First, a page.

I was in conversation with some young ministry guys last week. The question was posed, “What have I learned in my life that has been the most surprising?” One of my responses was that I never cease to be amazed at how important relationships are in life. This was something I wish I had learned much earlier in life. When I was younger I often exhibited the attitude that people should make room for me based upon my knowledge and talents. But life doesn’t work that way does it? Typically for better or worse, the old axiom applies “It’s not what you know, but who you know.”
Considering that I was an awkward and often obnoxious kid from one of the poorest counties in America, and that my family did not have any social, economic, or political power, with an introverted personality in the mix, it is now obvious to me that I should not have expected any favors in a relational sense. Even as my relational and people skills have improved, I still sense that lack of those early relationships may have hindered me in life. Now consider if all of the obstacles I was up against earlier in life including poverty and lack of connections also included being a person of color. I would have faced even more obstacles in the economic, educational, and justice systems of our Nation, not to mention the implications of how white people generally would have viewed me based upon the color of my skin.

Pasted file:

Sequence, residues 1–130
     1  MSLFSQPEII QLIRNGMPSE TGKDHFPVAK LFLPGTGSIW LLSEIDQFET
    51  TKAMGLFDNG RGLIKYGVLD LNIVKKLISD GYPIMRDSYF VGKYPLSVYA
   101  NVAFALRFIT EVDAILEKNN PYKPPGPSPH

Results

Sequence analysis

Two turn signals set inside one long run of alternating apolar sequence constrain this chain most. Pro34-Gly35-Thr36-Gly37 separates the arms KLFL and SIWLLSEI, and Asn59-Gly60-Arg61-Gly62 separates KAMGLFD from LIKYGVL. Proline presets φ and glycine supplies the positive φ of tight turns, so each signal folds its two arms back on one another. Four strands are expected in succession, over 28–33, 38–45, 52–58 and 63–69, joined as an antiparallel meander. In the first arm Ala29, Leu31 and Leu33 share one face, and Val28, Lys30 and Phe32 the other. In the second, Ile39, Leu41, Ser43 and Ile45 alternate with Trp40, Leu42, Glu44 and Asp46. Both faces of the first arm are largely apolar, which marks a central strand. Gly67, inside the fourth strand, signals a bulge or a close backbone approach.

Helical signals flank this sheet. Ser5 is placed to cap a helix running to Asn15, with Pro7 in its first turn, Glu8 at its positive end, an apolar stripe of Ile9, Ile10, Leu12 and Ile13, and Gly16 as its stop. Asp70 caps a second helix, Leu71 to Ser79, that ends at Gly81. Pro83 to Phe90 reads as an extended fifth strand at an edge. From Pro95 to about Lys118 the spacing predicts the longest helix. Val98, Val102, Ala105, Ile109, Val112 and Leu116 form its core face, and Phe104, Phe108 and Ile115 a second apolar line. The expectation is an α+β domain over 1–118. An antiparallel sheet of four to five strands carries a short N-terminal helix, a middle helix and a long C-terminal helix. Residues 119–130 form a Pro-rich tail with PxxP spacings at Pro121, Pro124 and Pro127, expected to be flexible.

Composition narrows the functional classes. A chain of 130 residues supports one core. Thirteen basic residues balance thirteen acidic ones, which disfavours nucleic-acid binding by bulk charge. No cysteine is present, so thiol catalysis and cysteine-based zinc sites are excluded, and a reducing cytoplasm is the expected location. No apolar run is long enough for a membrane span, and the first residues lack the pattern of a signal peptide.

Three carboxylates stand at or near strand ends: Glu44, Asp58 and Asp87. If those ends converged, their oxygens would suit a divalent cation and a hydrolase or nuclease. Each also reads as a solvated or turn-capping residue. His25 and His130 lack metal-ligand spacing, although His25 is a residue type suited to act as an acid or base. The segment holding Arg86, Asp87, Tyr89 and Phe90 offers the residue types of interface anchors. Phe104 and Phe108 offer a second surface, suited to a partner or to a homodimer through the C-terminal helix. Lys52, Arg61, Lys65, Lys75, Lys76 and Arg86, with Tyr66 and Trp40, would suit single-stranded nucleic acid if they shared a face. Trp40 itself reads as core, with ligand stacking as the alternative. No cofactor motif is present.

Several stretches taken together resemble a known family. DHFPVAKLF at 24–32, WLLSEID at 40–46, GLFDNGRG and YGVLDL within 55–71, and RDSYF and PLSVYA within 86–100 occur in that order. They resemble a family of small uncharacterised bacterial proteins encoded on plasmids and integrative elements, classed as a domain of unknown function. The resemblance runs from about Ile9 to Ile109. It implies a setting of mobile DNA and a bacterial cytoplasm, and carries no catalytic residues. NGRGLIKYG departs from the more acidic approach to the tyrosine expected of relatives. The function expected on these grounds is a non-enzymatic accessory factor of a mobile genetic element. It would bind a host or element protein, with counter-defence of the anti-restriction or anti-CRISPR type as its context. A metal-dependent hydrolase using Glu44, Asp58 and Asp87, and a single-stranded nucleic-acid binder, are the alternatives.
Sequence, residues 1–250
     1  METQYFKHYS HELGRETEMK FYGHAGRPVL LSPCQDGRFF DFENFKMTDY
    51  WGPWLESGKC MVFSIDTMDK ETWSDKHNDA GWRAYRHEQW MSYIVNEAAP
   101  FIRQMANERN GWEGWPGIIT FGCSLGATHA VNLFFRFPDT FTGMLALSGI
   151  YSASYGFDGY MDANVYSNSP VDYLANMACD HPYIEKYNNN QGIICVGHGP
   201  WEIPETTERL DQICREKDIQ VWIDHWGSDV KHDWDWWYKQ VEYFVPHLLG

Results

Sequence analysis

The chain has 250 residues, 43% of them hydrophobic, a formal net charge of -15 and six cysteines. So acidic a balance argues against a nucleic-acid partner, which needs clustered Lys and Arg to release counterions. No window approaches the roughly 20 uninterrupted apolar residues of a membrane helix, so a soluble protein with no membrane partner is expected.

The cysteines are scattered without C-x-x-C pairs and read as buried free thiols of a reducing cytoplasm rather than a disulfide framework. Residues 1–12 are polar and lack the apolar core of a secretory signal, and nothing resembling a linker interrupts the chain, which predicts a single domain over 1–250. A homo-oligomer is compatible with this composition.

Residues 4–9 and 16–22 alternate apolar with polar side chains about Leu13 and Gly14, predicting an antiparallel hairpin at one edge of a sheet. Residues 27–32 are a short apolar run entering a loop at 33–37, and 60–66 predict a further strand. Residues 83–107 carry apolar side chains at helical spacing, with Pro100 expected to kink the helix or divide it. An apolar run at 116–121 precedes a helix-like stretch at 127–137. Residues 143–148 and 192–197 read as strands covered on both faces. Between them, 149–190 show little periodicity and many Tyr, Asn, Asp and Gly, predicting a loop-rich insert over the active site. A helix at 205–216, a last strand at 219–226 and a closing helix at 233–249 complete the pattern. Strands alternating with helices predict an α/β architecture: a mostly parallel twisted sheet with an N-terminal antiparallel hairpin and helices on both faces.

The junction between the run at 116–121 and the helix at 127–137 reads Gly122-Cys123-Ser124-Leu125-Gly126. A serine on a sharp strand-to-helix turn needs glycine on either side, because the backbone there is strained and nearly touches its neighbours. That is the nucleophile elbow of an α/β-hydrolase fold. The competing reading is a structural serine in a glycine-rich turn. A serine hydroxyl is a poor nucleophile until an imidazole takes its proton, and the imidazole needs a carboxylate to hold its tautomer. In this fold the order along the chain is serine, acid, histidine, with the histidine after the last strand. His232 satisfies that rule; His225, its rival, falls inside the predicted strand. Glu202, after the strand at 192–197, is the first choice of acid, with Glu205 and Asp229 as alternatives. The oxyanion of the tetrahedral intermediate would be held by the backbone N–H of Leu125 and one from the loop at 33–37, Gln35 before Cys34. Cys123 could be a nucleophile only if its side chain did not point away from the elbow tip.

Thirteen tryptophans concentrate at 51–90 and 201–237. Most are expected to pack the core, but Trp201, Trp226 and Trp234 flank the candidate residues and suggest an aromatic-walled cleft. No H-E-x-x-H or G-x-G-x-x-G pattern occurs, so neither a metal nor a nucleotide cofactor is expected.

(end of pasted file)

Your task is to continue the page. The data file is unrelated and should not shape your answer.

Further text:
Yes, relational skills are important. Life does indeed move “at the speed of relationships,” but those relationship opportunities are severely limited, slowed, or altogether non existent if you begin life in a marginalized position, especially as it applies to color and gender in this country. As David Bailey is quoted as saying in The Myth of Equality by Ken Wytsma, “White privilege allows you to be average and sit in places of power because of relationships. Relationships that were formed because of the de facto segregation in cities, schools, churches.”